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Trudeau, Bennett playing favourites with Indigenous organizations

Clockwise from top left: Francyne Joe (NWAC), Kim Beaudin (CAP), Carolyn Bennett, Minister Crown-Indigenous Relations, Prime Minister Justin Trudeau

“I believe Trudeau’s office controls the agenda for Indigenous people. Somewhere along the line, these groups—AFN, ITK, MNC—they got to this guy and said we want you to exclude the constituents of the Congress of Aboriginal Peoples. And that’s what he’s done,” —CAP National Vice-Chief Kim Beaudin

By Shari Narine
Windspeaker.com Contributor

At a time when Prime Minister Justin Trudeau promises a better relationship with the country’s Indigenous people, two national Indigenous organizations are frustrated that they aren’t reaping the benefits of that promise, especially as one is headed by a former Liberal MP.

The Congress of Aboriginal Peoples (CAP) and the Native Women’s Association of Canada (NWAC) both claim they are looking in as Trudeau and federal ministers sign formal agreements with the other three national Indigenous organizations (NIOs): the Assembly of First Nations (AFN), the Metis National Council (MNC) and the Inuit Tapiriit Kanatami (ITK).

It’s particularly frustrating, said CAP National Vice-Chief Kim Beaudin, when his organization is led by former Liberal MP Robert Bertrand. Since becoming head of CAP, however, Bertrand’s Indigenous roots have been called into question. Beaudin doesn’t know if this is why the federal government has been distancing itself from CAP.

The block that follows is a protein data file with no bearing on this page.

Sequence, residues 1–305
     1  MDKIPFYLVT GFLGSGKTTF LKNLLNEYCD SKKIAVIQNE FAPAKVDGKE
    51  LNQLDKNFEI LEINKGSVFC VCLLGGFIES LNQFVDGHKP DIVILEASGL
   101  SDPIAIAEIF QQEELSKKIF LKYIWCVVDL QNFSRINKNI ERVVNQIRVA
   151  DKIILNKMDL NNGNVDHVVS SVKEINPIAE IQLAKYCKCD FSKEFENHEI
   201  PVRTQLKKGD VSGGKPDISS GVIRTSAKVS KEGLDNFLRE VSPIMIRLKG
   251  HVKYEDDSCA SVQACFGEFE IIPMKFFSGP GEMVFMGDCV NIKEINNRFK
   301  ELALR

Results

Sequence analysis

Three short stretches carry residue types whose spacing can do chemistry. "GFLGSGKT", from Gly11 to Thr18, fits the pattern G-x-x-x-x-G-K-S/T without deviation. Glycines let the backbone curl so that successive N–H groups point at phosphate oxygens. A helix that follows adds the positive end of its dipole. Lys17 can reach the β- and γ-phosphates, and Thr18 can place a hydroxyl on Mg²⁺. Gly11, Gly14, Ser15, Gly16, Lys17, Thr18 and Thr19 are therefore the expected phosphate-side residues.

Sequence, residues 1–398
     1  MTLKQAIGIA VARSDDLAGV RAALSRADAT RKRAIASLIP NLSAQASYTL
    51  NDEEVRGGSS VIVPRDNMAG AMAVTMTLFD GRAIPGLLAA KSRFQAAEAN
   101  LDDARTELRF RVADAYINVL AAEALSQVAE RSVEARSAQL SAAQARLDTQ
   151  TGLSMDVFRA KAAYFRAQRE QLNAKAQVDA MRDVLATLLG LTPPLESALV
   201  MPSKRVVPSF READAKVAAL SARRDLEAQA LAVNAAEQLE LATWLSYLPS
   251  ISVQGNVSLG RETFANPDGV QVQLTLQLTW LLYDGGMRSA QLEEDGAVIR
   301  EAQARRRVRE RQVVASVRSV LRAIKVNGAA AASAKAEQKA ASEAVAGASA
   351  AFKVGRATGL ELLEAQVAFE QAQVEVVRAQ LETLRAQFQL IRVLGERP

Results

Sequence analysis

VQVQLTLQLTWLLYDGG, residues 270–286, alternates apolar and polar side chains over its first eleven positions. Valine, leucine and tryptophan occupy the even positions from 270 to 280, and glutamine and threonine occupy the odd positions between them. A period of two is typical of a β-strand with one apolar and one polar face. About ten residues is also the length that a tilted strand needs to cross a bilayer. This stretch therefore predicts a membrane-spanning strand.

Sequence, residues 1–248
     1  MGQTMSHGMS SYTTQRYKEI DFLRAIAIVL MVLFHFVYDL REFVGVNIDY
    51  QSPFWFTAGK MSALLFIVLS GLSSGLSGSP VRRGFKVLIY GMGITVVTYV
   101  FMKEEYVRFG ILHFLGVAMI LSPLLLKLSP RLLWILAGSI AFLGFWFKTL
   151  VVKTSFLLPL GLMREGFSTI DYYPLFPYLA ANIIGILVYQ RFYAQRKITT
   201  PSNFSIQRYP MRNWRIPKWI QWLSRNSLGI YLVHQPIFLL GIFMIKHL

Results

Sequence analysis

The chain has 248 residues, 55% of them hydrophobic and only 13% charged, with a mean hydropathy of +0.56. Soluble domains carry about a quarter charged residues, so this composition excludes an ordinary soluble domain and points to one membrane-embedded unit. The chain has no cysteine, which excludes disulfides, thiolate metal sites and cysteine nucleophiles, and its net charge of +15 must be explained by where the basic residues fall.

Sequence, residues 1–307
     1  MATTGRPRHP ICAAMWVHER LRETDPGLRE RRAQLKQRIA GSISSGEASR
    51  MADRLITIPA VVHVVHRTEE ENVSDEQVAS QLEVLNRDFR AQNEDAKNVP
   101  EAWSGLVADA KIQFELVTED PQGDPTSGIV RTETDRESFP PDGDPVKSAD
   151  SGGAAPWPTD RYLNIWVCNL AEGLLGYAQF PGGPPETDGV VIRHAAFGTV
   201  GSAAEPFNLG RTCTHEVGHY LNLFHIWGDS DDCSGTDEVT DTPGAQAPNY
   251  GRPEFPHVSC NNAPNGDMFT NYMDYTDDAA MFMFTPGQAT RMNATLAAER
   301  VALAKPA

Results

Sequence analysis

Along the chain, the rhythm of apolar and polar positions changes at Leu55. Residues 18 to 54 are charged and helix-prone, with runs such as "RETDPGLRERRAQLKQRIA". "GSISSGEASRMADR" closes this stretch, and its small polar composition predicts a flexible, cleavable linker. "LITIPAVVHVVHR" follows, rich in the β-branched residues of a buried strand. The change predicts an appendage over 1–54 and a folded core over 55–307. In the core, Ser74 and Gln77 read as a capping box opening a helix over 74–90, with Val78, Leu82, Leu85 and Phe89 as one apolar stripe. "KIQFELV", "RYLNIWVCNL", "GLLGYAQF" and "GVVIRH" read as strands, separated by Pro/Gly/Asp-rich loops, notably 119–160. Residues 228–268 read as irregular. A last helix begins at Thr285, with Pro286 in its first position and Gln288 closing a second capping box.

A statement from Crown-Indigenous Relations Minister Carolyn Bennett’s office says the government is continuing to work with both organizations.

That work has been limited and slow, say CAP and NWAC, considering the amount of activity that has already occurred with the other three NIOs.

In 2017, the Prime Minister’s Office signed an accord with MNC, a declaration with ITK creating the Inuit-Crown Partnership Committee, and a Memorandum of Understanding on Joint Priorities with AFN.

Any similar agreement has been a struggle for NWAC and CAP to achieve.

“Thus far, the federal government has rejected an accord with NWAC. However, we continue to discuss this matter and NWAC is confident the federal government will fulfill their obligations to implement UNDRIP (the United Nations Declaration on the Rights of Indigenous Peoples),” said Francyne Joe, president of NWAC.

“We’re in the process of putting together an accord with them and they keep coming back to us and changing the language. For example, we’re a rights-based organization. They keep pulling that term out of it,” said Beaudin. “Anything related to advocacy, rights-based, they want that gone.”